Women’s football is currently one of the fastest growing female sports today in terms of coverage and interest, with all eyes looking ahead to the 2019 World Cup in France.
The recent news of Barclay’s multi-million pound three-year deal of the Women’s Super League and Boots’ UK partnership with the women’s national football teams of every federation in the UK and Ireland are certainly watershed moments for the sport from a commercial and marketing perspective.
These sponsorships dispel the misguided notion that sponsoring women’s football – or women’s sport in general – is the cheap option that makes your brand look good. We have arrived at a crossroads where women’s sport should and is starting to be talked about in the same breath as men’s on and off the field of play. The opportunities are equally, if not more compelling for brands, and as a sponsorship industry we have a duty to continue to educate brands about the benefits and value, which we are already starting to see from companies such as Visa, who has committed to equal spend to support activation of their respective partnerships within the game.
Women’s football offers a refreshing and significantly exciting opportunity for brands in a traditionally cluttered environment as it offers scale, greater value, is more accessible and is hugely untapped when compared to its male counterparts. The opportunity is there and there is an open goal as well as a hungry media to leverage the value women’s football can offer as a platform for success from a marketing and cultural perspective. Active sponsors, rights holders, media owners and talent need to continue to work together to demonstrate the opportunity women’s football can deliver to engage with audiences and shift key needles in perceptions and marketing/business objectives.
In 2015, the world was captivated by the Fifa Women’s World Cup in Canada with its thrilling matches, a total stadium attendance of more than 1.35 million spectators, and TV coverage in 188 territories with record figures topping 750 million viewers globally (dwarfing the viewing figures of the rugby men’s world cup in 2015). The final between Japan and the USA was the most watched football game ever in the United States.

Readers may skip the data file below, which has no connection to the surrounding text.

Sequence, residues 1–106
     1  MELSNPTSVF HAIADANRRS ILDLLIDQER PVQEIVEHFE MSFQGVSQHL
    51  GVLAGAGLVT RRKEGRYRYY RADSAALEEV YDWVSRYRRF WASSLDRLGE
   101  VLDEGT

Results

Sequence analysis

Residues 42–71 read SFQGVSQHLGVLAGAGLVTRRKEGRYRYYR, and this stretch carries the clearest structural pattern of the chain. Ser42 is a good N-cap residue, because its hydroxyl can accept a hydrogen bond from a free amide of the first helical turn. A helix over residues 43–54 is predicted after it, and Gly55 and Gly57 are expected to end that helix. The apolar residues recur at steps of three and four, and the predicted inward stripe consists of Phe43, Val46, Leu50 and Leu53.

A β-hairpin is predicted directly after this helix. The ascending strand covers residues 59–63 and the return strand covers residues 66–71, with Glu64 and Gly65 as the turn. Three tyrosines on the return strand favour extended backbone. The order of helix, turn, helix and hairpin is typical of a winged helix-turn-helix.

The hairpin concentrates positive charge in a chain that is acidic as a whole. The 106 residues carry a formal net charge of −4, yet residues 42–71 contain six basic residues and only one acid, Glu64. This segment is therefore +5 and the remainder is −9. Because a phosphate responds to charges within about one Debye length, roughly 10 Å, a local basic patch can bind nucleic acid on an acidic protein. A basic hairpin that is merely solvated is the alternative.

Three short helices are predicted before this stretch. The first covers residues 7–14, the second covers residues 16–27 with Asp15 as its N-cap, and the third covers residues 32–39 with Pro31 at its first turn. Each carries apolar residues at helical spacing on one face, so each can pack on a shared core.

In 2017, the UEFA Women’s Euro was the most watched tournament in its history, surpassing the 2013 audience by more than 50 million viewers. It reported more than 550,000 interactions on official tournament social media platforms, while there were 4.4 million video views on the #WEURO2017 Facebook and Instagram accounts. Stadium attendance also surpassed previous hosts with the Netherlands becoming the first to sell out all their matches. This year’s World Cup is set to be even bigger.
On a domestic level, we are also seeing an increase in coverage across TV and media. The success of the English Women’s National Team in Canada 2015 with a combined UK TV audience of 11.9 million people following its journey made the FA and clubs realise the opportunity and build their strategy. Broadcasters such as the BBC seized the opportunity and increased their coverage of women’s football and the new long-term sponsorship deals of Barclays and Boots that will boost the development of the sport nationally. The next key opportunity is to develop a domestic broadcasting platform for the FA’s Women’s Super League, which will put the game in a position where it has got regularity, a slot, and the best exposure across the season to deliver regular opportunities to watch and engage.